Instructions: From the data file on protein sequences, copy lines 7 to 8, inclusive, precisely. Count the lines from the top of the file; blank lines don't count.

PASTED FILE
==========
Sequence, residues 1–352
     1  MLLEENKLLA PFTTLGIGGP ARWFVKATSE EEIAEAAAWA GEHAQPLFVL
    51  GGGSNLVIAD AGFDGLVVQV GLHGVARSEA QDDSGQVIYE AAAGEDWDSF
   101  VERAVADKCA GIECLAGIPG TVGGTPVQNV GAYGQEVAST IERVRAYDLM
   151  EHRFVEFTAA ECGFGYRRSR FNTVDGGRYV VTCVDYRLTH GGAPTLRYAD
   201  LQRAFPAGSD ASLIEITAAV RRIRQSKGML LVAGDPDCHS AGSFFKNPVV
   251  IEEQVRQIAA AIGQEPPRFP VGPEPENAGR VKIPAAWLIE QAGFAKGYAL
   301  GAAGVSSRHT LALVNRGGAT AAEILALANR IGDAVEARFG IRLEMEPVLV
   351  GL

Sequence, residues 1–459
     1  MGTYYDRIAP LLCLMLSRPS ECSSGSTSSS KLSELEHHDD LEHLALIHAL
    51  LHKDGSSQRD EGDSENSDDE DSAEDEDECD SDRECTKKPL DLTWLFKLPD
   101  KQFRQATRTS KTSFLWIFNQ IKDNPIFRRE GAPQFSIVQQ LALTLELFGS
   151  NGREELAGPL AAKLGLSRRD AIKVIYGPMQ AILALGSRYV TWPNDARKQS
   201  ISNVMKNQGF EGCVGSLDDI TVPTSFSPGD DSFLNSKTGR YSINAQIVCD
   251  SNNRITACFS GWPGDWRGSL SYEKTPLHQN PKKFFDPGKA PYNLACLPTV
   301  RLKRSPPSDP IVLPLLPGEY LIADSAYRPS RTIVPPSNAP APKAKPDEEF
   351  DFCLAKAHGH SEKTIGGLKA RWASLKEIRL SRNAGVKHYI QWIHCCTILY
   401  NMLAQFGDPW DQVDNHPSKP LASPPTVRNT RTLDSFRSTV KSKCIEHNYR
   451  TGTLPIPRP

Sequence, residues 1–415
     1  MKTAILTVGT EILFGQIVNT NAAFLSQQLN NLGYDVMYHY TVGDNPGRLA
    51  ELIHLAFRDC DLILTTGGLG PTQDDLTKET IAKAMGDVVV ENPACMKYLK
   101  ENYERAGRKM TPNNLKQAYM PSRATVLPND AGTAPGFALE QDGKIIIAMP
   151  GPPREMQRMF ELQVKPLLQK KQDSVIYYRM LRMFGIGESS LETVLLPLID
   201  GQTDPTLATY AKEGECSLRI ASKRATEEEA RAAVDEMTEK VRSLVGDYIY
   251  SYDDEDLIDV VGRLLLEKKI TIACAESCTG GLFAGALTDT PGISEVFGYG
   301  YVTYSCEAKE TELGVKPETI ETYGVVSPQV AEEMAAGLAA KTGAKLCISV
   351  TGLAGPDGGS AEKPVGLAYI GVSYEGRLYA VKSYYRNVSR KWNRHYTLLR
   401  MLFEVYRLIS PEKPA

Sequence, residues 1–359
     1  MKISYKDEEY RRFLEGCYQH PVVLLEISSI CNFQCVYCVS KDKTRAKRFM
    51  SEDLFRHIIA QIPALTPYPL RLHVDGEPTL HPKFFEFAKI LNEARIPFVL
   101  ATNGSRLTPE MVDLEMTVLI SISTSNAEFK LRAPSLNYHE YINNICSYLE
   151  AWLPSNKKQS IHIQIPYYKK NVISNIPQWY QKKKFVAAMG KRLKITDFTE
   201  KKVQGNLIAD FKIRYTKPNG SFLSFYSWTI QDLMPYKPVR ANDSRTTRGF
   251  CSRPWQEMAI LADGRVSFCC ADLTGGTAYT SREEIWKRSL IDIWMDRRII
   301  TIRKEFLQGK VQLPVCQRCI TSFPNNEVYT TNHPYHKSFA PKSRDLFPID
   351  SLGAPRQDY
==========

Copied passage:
   251  IEEQVRQIAA AIGQEPPRFP VGPEPENAGR VKIPAAWLIE QAGFAKGYAL
   301  GAAGVSSRHT LALVNRGGAT AAEILALANR IGDAVEARFG IRLEMEPVLV